New Special Envoy of the United Nations on Myanmar; Battles in Myawaddy, Northern Rakhine, and the Border of China

Myanmar Spring Chronicle – April 05 Scenes

MoeMaKa, April 06, 2024

New Special Envoy of the United Nations on Myanmar; Battles in Myawaddy, Northern Rakhine, and the Border of China

It has been announced that Ms. Julie Bishop, former Minister of Foreign Affairs of Australia, has been appointed as the UN Secretary-General’s Special Envoy on Myanmar.

Prior to Ms. Bishop, the last person to hold this position was Noeleen Heyzer from Singapore. It is noted that Ms. Bishop brings extensive political, legal, management, and senior leadership experience to the role. Observers are eager to see how she will navigate and address the complex issues facing Myanmar.

Myanmar’s political turmoil, armed conflicts, and wars have led to the displacement of 2.8 million people (according to United Nations OCHA statistics). While there is no exact count of armed casualties, civilian deaths are estimated to exceed 10,000. The number of individuals injured, maimed, and displaced due to fire is exceptionally high over the past three years.

While the appointment of a new UN Special Envoy is anticipated to yield positive outcomes, the scope of assistance international organizations can provide in resolving Myanmar’s political crisis and armed conflicts is limited. It is evident that achieving the goals of ending the ongoing political crisis, halting the armed civil war, and finding political resolutions is not a straightforward task. Despite China’s attempts to broker peace in border regions where it holds influence over certain ethnic armed groups, there are significant constraints.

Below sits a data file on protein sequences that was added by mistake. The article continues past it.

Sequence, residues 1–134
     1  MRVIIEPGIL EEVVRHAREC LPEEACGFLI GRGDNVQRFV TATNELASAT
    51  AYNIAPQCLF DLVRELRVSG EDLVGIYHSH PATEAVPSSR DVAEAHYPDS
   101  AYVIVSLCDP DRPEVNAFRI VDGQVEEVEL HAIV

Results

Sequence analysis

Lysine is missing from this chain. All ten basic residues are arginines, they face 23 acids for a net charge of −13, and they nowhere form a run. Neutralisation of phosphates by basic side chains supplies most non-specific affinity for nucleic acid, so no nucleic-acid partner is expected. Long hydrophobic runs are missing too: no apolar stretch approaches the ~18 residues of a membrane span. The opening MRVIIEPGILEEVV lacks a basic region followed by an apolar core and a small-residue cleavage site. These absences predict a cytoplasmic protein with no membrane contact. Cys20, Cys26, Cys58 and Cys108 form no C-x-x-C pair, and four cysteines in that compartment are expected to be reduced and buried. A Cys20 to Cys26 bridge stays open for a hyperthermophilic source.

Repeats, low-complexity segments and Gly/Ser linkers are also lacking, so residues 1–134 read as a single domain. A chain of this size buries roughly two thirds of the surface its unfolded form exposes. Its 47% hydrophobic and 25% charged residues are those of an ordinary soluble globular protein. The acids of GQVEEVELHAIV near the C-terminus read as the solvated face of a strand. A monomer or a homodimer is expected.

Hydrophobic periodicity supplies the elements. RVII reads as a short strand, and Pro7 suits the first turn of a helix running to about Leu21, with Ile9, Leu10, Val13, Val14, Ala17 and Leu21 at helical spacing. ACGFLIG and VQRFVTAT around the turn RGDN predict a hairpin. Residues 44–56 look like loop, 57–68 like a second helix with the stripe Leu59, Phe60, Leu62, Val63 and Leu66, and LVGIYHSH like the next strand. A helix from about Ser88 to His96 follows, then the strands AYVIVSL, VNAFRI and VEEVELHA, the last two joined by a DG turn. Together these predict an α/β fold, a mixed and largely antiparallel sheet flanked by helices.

The United Nations, while influential in humanitarian matters, lacks the same level of leverage as China over Myanmar’s political and military forces. The UN’s primary focus is expected to be on humanitarian assistance rather than political intervention. Efforts will likely concentrate on securing permission to provide aid and urging parties to refrain from targeting civilians in military operations. Given the absence of negotiations between leaders of the NLD, military council, or National Unity Government, the UN’s role may be limited to providing human rights and humanitarian aid.

This situation mirrors other global conflicts, such as the Ukraine-Russia war and Israel’s actions in the Palestinian Gaza Strip, where the UN’s ability to intervene politically is constrained. Despite its formation post-World War II to prevent global conflicts, the UN today primarily functions as a large social association. Security Council decisions often lack binding obligations or enforcement mechanisms. Recently, the UN Security Council convened an open-door meeting on Myanmar, resulting in an international agreement not to sell jet fuel to the military council’s aircraft.

As Ms. Bishop assumes her role as the UN Special Envoy, armed conflicts continue to ravage Myanmar. Ongoing battles in Kawkareik, southern Karen State, reports of attacks and capture of strategic camps near Myawaddy, and the seizure of the Lwegel border gate near Laiza in Kachin State dominate current news in Myanmar.

China has intervened to broker ceasefires in conflicts that erupted in northern Shan at the end of October. However, no ceasefire discussions have been initiated regarding battles involving the KIA since the ceasefire between the 3 Northern Brotherhood Alliance and the military council in early January. It remains unclear whether China’s influence over the KIA differs from its influence over the other members of the Northern Brotherhood Alliance, or if the Myanmar military council has not solicited Chinese intervention.

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